Southwark and South London Society of Organists Newsletter November 30th, 2022

From the Chair of the Society, John Webber:

Welcome to this newsletter! I hope that your musical preparations for December are going to plan.


It is good to welcome Chris Smith to our number. Chris lives in Lewisham (as did I in my school days) and is an organist in SE1. Our link is Paul Gobey.

Recent Meeting

On November 19th, about thirteen of us visited Christ Church, Streatham to see the original Hill organ of 1886 which had formerly been in West Croydon Congregational Church. It has three manuals and pedals. Bishop Rob Gillion is the Vicar and he made us welcome with a hot drink and biscuits on arrival. From there we went, mainly by 417 bus, to St. Peter’s, built in 1870 and a mile or so away in Leigham Court Road. James Furniss-Roe and David Chapman (organist and long standing choir member of St. Peter’s) had been with us at Christ Church. At St. Peter’s, David showed us some slides of the church and the organ, a four manual Hill, enlarged in 1903 from three manuals; other work has been done over the years to restore the instrument. You can see the two organs here, along with other photos from our visit.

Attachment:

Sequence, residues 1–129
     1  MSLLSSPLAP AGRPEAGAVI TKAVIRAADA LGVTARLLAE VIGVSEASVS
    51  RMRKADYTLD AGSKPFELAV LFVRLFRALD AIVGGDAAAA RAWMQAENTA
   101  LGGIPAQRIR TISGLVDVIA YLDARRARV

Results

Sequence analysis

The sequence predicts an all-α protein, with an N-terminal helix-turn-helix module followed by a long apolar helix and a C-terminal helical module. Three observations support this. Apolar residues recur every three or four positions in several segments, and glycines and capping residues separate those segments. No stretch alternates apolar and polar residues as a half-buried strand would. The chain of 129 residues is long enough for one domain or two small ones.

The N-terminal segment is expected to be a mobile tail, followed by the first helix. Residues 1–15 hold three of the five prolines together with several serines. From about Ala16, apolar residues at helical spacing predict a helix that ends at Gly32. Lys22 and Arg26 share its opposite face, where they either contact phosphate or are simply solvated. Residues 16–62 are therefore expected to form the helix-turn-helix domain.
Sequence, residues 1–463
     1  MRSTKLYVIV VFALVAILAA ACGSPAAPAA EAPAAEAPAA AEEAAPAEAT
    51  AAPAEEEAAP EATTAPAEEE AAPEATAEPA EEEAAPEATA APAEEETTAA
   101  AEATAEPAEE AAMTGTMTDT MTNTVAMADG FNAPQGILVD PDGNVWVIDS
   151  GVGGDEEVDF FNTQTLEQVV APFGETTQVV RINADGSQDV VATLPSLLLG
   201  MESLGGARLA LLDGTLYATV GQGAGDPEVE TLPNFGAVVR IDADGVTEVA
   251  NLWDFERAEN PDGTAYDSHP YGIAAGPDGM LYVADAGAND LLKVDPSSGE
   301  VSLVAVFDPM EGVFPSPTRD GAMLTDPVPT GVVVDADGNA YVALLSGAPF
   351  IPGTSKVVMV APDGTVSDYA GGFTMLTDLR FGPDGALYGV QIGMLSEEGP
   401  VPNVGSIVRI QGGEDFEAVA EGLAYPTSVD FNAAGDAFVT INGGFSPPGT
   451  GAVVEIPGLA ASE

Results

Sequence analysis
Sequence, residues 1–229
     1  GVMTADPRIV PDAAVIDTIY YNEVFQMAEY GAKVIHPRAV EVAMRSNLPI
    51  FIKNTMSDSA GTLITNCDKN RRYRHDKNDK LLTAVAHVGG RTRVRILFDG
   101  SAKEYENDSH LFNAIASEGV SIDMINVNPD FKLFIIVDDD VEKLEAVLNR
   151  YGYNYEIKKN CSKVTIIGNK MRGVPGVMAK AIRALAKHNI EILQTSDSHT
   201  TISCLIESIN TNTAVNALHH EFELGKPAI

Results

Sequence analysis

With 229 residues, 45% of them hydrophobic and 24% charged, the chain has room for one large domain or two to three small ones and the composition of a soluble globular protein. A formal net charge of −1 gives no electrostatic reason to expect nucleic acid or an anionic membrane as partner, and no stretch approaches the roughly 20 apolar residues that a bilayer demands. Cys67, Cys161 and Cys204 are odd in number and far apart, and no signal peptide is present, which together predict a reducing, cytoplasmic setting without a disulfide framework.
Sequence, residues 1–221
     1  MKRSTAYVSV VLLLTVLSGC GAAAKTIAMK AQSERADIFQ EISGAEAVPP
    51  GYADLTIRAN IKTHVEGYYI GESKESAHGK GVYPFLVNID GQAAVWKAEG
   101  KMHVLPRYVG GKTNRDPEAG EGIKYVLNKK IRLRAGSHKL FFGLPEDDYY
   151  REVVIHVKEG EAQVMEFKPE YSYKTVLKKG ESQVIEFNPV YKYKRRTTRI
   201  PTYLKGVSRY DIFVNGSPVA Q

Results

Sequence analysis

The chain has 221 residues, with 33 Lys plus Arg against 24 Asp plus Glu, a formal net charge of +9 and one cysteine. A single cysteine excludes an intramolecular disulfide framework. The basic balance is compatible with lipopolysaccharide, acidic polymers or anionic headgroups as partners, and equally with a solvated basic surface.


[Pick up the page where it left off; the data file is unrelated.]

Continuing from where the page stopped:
Forthcoming Events

  • Our member Bridget West has produced our 2023 list of events on one sheet; you ought to have had a copy sent, but if not, see it here.
  • The first two events (only) will be on Mondays at 7.00p.m. on Zoom: a quiz on January 16th, and a discussion on the New Oxford Organ Method on February 6th.
  • The AGM is also on a Monday (March 6th.) and new Committee members will be needed. Let me know if this might interest you. Mainly we plan meetings (although 2023 is nicely buttoned up, so there’s not so much to do until the time of each event approaches), but there are other decisions to be made and the 2024 list of possible events will need attention.
  • We have eight people going to the Netherlands in late March to visit churches and to play organs. Anyone wanting to go will need to be on a reserve list.